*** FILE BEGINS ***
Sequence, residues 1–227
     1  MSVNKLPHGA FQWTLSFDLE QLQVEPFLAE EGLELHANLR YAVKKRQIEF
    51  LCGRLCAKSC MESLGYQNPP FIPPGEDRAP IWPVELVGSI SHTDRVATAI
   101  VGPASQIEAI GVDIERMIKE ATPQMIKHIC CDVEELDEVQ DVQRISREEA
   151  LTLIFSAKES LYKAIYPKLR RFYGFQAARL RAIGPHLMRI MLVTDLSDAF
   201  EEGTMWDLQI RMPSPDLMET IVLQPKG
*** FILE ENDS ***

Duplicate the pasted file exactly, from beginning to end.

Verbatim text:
Sequence, residues 1–227
     1  MSVNKLPHGA FQWTLSFDLE QLQVEPFLAE EGLELHANLR YAVKKRQIEF
    51  LCGRLCAKSC MESLGYQNPP FIPPGEDRAP IWPVELVGSI SHTDRVATAI
   101  VGPASQIEAI GVDIERMIKE ATPQMIKHIC CDVEELDEVQ DVQRISREEA
   151  LTLIFSAKES LYKAIYPKLR RFYGFQAARL RAIGPHLMRI MLVTDLSDAF
   201  EEGTMWDLQI RMPSPDLMET IVLQPKG